Ah kindergarten. So many images. So few memories. Give me a break will ya? I was just a little kid at the time. But from what I do remember I'd do just about anything to be back in kindergarten again.

How awesome would it be to being learning how to count through 100 again as opposed to Algebra Four? To be learning the different between and "a" and an "e" as opposed to why it's a sin against the Revealed Word to use a pronoun without and antecedent? To run out to recess instead of run the track until your lungs burst and your tongue falls out?

There was only one real horrendous crime you could commit as a remember it, at least with my rather high-strung kindergarten teacher: talking to loud. One of the only really defined memory I have from kindergarten were the times when my teacher practically went into anaphalactic shock from yelling at my class to be quiet. It might have had something to so with the fact that the class had thirteen males and one female, again one of the only things I remember about kindergarten. Then there was always the ADD kid named Anthony screaming in the corner. How good it is to remember again the idiosycrasies of the 5 year old child.

Kindergarten was a time of innocence, playfullness, and cloudy memories of screaming children barely out of their diapers with a teacher almost as bad.

"Teacher... TEACHER!"

My head swiftly turns away from the screaming, brown child I am holding in my lap, away and out torwards a jumble of limbs and hair and sweat duking it out on rusty tire swings and slides with the paint slowly cracking off year after year. It is the middle of summer in south Texas, where the intense heat does not warm but instead pulsates and beats down on your face, making you wonder exactly why the logistics of solar energy ever created life at all in this godforsaken hellhole.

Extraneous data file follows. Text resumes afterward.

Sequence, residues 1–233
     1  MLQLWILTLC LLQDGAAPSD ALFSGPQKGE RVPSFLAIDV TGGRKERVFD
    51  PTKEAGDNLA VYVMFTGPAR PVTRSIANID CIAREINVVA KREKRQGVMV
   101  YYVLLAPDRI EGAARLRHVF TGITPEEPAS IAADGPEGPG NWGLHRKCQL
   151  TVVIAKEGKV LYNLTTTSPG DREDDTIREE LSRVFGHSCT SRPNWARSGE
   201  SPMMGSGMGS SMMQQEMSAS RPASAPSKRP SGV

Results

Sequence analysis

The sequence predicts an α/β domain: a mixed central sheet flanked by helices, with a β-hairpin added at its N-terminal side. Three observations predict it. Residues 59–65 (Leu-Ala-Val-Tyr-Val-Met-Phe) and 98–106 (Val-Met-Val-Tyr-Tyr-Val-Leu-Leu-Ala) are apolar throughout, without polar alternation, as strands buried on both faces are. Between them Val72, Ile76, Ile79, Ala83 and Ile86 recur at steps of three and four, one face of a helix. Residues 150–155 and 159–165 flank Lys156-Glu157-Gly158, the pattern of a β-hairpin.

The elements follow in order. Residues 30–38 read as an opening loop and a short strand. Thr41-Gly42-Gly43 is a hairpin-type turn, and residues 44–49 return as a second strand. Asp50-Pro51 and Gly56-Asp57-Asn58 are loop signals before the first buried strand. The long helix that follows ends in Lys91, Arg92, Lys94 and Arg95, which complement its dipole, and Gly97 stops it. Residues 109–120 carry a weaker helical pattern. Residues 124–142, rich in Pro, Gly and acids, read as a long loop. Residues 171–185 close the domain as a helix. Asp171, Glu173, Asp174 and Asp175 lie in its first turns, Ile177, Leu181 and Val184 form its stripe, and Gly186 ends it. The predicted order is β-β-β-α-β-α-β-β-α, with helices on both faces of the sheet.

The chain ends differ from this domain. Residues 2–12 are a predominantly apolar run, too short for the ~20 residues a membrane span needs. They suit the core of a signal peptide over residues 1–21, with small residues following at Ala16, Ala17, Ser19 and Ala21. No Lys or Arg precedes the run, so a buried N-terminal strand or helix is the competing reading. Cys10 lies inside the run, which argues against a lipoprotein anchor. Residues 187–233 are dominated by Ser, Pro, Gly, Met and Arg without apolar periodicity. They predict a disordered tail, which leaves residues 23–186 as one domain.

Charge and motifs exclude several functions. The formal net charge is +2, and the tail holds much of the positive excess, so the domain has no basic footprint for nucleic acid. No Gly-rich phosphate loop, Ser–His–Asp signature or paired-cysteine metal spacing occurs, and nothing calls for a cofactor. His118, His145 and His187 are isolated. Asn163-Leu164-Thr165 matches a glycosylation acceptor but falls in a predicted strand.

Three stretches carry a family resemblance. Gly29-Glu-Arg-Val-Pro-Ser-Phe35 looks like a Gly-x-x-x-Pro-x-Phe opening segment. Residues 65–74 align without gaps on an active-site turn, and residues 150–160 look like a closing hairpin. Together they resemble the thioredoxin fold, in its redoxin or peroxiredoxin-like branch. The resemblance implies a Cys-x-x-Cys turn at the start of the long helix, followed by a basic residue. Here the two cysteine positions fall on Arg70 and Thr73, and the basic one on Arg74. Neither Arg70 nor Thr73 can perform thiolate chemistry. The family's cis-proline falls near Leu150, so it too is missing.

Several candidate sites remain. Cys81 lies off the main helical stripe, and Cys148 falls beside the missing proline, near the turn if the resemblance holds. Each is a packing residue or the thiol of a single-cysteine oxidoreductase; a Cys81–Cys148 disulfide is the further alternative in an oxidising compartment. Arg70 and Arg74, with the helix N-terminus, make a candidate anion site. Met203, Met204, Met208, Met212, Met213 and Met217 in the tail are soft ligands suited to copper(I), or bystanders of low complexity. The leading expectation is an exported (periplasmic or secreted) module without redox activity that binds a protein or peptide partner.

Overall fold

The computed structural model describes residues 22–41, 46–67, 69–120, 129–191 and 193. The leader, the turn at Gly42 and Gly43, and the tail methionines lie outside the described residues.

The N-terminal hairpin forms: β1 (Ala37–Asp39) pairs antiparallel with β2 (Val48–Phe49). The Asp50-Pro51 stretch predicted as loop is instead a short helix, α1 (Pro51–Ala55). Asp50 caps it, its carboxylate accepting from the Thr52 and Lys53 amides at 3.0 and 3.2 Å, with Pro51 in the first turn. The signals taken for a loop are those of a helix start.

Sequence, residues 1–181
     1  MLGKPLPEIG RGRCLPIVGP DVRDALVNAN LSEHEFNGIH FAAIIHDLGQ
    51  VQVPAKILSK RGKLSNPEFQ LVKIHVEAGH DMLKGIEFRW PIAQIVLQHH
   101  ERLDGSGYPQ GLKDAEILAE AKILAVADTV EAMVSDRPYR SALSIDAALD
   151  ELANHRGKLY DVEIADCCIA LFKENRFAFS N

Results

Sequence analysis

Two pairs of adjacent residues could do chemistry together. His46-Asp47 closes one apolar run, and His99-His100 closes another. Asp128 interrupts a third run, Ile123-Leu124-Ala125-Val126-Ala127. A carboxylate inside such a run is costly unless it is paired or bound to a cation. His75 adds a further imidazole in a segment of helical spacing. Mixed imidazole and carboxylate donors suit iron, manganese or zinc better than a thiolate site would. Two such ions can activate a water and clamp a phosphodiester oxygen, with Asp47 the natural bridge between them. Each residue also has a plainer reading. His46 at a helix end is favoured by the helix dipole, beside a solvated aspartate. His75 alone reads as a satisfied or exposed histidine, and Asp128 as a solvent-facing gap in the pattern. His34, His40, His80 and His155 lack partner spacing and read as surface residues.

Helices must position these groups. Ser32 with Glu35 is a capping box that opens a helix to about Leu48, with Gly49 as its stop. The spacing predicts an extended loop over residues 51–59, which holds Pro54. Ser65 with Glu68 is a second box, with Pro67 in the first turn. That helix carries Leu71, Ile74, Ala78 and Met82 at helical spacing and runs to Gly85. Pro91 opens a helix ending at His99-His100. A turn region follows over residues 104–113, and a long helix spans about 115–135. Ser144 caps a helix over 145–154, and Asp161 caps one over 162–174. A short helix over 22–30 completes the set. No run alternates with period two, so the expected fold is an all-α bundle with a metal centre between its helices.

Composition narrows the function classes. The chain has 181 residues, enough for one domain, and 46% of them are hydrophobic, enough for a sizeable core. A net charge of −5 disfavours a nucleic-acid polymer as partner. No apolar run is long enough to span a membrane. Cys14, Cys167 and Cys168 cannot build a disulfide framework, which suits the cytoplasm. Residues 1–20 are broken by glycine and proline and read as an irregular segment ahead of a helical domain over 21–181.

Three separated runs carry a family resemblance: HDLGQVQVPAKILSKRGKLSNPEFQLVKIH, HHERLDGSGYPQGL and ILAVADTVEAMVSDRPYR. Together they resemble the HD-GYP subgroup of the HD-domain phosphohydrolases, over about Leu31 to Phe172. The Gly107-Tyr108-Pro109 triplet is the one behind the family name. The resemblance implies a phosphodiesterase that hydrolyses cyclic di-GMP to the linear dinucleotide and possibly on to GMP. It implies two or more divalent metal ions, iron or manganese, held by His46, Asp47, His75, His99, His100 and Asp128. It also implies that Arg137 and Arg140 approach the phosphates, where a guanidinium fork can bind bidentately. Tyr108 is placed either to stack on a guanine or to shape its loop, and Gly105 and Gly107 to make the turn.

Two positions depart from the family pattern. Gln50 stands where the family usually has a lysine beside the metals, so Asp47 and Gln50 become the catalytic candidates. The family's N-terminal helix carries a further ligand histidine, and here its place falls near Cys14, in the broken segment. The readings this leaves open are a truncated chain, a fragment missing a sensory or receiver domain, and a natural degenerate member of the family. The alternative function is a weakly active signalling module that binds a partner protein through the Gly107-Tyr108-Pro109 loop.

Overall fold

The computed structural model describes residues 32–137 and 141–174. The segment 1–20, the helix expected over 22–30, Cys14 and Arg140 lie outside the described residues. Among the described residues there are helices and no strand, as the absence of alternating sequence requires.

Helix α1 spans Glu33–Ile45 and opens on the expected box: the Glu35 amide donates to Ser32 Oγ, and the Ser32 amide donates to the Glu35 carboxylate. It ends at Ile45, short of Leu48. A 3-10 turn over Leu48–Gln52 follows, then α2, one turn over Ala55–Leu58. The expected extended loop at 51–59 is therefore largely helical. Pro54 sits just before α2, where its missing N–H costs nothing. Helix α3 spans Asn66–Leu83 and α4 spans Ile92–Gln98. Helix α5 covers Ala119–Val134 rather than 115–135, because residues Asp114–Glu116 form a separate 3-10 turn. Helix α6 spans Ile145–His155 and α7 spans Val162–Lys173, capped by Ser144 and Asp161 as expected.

I started out on this quirky mission of mine somewhat grudgingly- why spend MY precious time helping these kids when I could, like, be hanging out with friends, or hibernating before the school year starts again? I soon discovered how innocent and raw and in need of help these children were, and little by little, they began to creep into my heart, the images from class simultaneously haunting me and breaking my soul. I saw the children walk into class with shirts depicting sex, cocaine, and condoms; girls who would be afraid to look up in fear of me discovering the black eye that Daddy had given them last night. I saw kids who genuinely loved school, who would everyday ask me "What are we going to do today, Teacher?" and it would wrench my heart when they would cry the next day, telling me that their parents had failed to notice the cards and letters that they had made for them in class. How I wish I didn't have to "teach" them, tell them what's what in the world, when what they see about the world is far more profound than the adventures of Dick and Jane or the multiplication tables. There are places in America that not only parallel but exceed the corruption of many third world nations. I never thought that the kindergarten classroom would be one of them.

My memories of going through kindergarten are actually quite dull. Only sharp impressions exist, like the tang of the Granny Smith apples that I hoarded or the breathe-in, breathe-out mantra I would repeat when I raced in the hundred yard dash. I remember the Kermit the Frog beanbag pillow where I read my first book, The Boy Who Cried Wolf , and my first girl friend (we both thought that we were the first to invent the spit bubbles). Unfortunately, the dark memories still permeate through the good and make me ashamed of my inner nature: making fun of the fat kid with the "gross-out" insect collection, and the girl with the headgear that talked r-e-a-l-l-y s-l-o-w-l-y. I shudder to remember as I see it happening now, in the classroom where I of all people am supposed to instill "moral values" into these young and impressionable minds.